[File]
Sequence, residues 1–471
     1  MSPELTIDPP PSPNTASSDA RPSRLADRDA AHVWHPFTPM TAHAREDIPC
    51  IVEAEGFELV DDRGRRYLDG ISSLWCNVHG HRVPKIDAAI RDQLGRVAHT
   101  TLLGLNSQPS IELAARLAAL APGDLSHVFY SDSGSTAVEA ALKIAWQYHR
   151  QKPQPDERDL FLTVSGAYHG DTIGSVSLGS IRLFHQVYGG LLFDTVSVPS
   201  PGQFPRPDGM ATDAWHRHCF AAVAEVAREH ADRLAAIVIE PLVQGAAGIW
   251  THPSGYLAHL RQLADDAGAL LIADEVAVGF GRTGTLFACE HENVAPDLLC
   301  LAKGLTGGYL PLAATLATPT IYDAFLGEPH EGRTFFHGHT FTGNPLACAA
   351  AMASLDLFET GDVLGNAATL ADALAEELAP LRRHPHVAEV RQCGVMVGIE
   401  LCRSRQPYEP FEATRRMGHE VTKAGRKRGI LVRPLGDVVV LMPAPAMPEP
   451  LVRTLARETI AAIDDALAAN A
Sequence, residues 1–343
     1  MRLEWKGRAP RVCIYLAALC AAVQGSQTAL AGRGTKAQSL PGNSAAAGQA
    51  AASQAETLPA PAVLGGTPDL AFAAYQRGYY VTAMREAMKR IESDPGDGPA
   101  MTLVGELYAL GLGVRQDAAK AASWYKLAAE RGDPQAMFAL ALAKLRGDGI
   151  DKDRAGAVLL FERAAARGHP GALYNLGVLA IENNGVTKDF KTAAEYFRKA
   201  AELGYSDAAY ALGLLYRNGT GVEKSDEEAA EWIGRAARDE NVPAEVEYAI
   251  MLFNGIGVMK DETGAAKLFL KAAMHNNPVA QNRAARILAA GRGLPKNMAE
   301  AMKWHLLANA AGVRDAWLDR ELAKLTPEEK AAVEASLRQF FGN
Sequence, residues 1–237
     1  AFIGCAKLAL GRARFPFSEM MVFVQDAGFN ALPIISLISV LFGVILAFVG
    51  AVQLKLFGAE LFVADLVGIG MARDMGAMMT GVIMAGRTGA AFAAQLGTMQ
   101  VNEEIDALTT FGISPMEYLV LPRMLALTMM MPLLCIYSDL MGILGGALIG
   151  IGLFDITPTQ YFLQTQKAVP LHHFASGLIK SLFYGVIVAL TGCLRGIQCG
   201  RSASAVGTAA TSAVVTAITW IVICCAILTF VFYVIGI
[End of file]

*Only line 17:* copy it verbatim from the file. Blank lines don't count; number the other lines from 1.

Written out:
   201  AELGYSDAAY ALGLLYRNGT GVEKSDEEAA EWIGRAARDE NVPAEVEYAI